The Last Lynching?

The Discovery Channel is running a documentary tonight about the 1981 lynching of Michael A. Donald in Mobile, AL.

(Mobile is my home town, where my mom and dad still live. I didn’t like living in Mobile, but just because of its suburban ickiness—I didn’t know I had other reasons to get out of there, like a disturbingly recent history of Klan violence.)

Michael Donald was a 19-year old African American who ended up the random recipient—and medium—of the Klan’s usual message of murder and hate. Two Klansmen beat Michael Donald, slit his throat, and hung him from a tree outside the local Klan leader’s house.

Was this the last lynching?

No, actually—the murder of James Byrd, Jr., in Texas in 1998, probably, could be called the most recent lynching. I’m scared to say last.

All this I learned on the radio this afternoon, in an NPR interview with Ted Koppel, the host of the documentary, and Artur Davis, a congressman from Alabama, among others.

What astounds most about the Michael Donald murder is the date. This wasn’t the 1930s. This was 1981. MTV was on the air. I was alive.

A friend who teaches at the University of Minnesota said (as I’ve quoted before on this blog) that his students often have the mistaken impression that racism, and certainly racial violence like lynching, was something that happened a long time ago. And then Dr. King came and fixed it for us. Didn’t you see the movie?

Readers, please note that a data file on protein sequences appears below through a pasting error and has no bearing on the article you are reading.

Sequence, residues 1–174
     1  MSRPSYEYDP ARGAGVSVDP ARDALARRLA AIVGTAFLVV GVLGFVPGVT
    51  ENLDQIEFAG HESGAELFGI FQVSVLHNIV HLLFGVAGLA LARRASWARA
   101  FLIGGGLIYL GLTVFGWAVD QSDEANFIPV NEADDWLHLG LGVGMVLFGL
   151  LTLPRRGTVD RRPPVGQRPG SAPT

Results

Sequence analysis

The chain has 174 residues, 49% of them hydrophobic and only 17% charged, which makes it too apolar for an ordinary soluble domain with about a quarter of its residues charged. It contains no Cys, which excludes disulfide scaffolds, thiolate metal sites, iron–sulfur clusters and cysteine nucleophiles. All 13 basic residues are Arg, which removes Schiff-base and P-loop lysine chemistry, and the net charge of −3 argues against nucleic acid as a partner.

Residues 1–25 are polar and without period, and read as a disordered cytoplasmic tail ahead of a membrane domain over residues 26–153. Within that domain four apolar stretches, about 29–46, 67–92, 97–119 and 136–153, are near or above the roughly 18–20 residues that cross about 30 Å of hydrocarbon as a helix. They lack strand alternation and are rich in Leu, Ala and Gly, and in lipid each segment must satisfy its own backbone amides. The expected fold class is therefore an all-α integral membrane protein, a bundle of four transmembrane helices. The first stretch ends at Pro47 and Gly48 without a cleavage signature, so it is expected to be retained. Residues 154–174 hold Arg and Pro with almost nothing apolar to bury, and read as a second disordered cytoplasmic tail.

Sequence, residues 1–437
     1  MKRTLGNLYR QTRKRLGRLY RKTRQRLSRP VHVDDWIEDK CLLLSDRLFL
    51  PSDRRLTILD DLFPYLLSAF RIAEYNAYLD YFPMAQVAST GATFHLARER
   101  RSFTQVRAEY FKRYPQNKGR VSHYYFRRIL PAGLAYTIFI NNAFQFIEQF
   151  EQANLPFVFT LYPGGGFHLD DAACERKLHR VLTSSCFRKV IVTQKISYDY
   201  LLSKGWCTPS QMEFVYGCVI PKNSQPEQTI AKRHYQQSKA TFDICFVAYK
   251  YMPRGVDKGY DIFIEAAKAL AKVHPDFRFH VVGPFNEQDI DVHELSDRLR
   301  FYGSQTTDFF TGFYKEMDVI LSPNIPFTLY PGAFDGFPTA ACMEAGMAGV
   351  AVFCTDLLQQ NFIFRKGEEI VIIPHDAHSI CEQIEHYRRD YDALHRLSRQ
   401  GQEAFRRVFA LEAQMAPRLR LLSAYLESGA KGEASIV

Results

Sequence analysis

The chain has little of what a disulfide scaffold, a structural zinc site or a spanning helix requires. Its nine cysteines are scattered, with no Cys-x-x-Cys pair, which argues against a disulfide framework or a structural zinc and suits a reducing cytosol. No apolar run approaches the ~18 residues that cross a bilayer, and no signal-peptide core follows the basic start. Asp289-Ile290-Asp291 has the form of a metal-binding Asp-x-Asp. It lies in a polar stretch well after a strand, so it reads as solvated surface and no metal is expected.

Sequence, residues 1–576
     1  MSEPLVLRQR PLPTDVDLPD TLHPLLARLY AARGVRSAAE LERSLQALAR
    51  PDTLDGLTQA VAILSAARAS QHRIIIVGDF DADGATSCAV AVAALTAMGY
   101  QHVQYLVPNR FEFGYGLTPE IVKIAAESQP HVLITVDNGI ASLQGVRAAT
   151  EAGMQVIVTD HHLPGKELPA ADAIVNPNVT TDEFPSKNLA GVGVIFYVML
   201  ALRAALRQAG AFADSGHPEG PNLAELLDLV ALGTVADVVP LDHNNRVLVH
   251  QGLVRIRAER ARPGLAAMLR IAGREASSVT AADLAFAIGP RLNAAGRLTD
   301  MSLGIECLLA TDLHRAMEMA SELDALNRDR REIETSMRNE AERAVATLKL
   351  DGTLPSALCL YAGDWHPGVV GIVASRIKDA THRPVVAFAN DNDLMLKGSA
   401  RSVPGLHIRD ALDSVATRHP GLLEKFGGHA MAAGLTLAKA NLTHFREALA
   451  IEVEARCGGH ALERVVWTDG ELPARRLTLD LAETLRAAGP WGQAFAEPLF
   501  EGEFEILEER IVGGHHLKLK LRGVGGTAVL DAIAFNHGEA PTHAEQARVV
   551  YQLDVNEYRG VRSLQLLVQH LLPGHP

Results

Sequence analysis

Michael Donald’s murder in 1981 (and James Byrd’s in 1998, and many more incidences of violence) reminds us that racism, even in its most blatant and visible form, is alive and well. Never mind the secreted racism of the job application slush pile, or the divisive lies parents pass on to their children.

But the most recent lynching might be this: a couple of weeks ago, four students at a small religious school in Oregon hung a cardboard effigy of Sen. Barack Obama from a tree.

Which brings me to: what do the appalling deaths of Michael Donald and James Byrd mean to us now, as Barack Obama campaigns for the white house?

Many things, but here’s one; that when John MCain and Sarah Palin condone hatred and violent speech from their supporters—when they stand quietly by as rally-ers yell “Kill him!” and “Off with his head!” (not to mention “treason” and “terrorist”)—it’s way, way beyond “negative campaigning,” or irresponsible. It’s fast approaching a lynch mob.